Too much formalin is better than too little. As a general rule, formalin penetrates tissue at a rate of approximately 1 mm/hour, but can only penetrate a maximum of 5 mm into solid tissues (exceptions are cystic structures, eyes, brain, etc.). Therefore, the ideal sample biopsy size is about 1 cm in every direction.

There are very standard guidelines regarding the ideal tissue:formalin volume ratio. Ideally, the formalin volume should be 15 to 20 times the volume of the tissue. If this is not practical to transport to the lab, then fixation in a large jar for a few days at the clinic is additional time well spent since the optimally fixed specimen will generate better histologic preparations.

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Most small to moderate-size specimens are adequately fixed during transit to the laboratory in the standard-sized jars provided. The detriment to too much tissue with too little formalin is poor fixation, autolysis of the lesional center and the necessity for additional fixation at the lab, which will delay processing and may impair diagnostic accuracy.

When should we perform a fine-needle aspirate (FNA) vs. a biopsy?

Aspiration has many possibilities, ranging from providing a “general indication” to a definitive cytologic diagnosis. It can also provide directions for the next course of action, which is often a biopsy. Aspiration is most likely to be diagnostic for body fluids, such as body cavity effusions, CSF, joint fluid or intraocular fluid.

Some masses also are good subjects for FNA to distinguish between inflammatory and neoplastic processes. Round cell tumors (mast cell, histiocytic, plasmacytic, lymphoid) are good candidates for FNAs.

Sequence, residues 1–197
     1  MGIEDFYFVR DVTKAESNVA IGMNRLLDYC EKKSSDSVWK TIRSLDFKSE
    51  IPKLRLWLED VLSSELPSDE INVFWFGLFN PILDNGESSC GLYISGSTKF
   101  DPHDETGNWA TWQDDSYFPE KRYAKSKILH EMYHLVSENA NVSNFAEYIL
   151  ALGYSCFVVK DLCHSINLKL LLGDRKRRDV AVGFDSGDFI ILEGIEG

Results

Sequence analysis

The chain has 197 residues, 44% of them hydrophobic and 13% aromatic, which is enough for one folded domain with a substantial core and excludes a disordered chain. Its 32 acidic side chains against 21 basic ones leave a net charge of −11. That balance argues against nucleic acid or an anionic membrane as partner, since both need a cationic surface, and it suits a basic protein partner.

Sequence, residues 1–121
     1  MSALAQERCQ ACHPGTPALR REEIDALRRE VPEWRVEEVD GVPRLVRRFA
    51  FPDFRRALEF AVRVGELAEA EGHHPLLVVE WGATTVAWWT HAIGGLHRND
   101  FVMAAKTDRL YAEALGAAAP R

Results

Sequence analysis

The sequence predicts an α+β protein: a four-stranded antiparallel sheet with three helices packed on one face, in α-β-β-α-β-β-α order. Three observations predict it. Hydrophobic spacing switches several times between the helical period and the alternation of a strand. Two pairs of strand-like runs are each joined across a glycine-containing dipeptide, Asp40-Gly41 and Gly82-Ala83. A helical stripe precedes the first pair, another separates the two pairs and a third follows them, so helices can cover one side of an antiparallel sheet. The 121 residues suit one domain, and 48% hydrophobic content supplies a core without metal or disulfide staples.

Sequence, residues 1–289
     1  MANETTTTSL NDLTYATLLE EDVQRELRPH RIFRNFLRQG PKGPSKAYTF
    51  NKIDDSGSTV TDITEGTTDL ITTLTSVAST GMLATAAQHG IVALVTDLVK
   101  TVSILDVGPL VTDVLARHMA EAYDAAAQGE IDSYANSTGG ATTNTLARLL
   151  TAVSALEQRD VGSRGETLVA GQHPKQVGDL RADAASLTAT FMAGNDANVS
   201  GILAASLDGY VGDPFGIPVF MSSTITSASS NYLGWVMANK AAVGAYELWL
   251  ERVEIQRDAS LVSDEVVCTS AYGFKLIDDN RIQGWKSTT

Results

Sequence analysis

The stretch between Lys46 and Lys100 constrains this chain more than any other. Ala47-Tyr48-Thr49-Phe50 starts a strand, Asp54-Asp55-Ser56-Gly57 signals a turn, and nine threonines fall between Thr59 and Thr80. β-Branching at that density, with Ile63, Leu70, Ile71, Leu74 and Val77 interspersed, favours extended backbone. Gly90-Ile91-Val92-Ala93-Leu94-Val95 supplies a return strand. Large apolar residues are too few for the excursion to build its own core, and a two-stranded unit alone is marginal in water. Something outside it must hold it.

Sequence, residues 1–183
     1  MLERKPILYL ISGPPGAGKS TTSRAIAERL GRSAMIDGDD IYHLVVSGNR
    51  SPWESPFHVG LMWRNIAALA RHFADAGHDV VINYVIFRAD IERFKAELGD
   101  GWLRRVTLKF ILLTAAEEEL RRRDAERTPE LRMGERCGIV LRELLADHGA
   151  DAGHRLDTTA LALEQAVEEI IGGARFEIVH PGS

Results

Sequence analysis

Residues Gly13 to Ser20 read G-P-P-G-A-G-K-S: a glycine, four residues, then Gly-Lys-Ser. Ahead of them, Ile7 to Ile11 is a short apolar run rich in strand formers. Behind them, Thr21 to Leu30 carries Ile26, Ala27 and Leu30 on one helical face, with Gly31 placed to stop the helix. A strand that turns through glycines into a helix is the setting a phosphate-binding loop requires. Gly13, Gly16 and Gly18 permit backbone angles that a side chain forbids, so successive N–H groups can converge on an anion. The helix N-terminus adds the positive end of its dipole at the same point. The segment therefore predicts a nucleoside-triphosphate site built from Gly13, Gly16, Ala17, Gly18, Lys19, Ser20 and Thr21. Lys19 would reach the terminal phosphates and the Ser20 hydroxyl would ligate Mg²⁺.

Remember that tumors of round cell and epithelial origin generally exfoliate reasonably well, whereas those of mesenchymal origin often do not, because of the tighter cellular cohesiveness of mesenchymal cells.

When are the benefits of a FNA questionable?

Some situations where aspiration diagnostic accuracy is questionable include lymph node aspirates, because there may be significant cytologic overlap between advanced lymphoid hyperplasia and early emerging lymphoid neoplasia. This distinction is often histologic.

Yet with advanced lymphoblastic lymphosarcoma with lymph node effacement, FNA may be enough to reach a diagnosis.

FNAs of hemorrhagic or parenchymal lesions may contain blood elements that can lead to misleading or disappointing results.

Also, there is often difficulty in the cytologic distinction of benign vs. malignant tumors of glandular epithelial origin (most notably mammary) since benign mammary tumors may be cytologically highly atypical while malignant tumors may not be bizarre or mitotically active. Both benign and malignant plasma cell tumors may be similarly cytologically atypical or bizarre.

Again, FNA can be a preliminary step toward biopsy.

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How frequently are FNA and biopsy accurate?

This depends on the nature of the fluid or tissue aspirated and the assumption that the sample submitted is representative. In many cases, FNA may indicate a neoplasm of round cell, epithelial or mesenchymal origin, but it may not be a reliable verification of benign or malignant status, particularly a lower grade malignancy.

Biopsy may be more accurate because mast cell tumor (MCT) grading cannot be done cytologically, only histologically. In addition, only a biopsy allows assessing surgical margins.

Be aware that the grading of canine cutaneous MCTs actually involves not only the status of mast cell differentiation, but also tumor behavior at its periphery (well-defined and expansile, or ill-defined and invasive).

The behavior of MCTs does not always correlate directly with the state of cellular differentiation. Also, mast cell tumor grading is restricted to cutaneous lesions of dogs. The classification does not apply to cats or visceral MCT.

This is the first part of a four-part series. Click here to read Part 2.

Dr. Zeltzman is a mobile, board-certified surgeon near Allentown, Pa.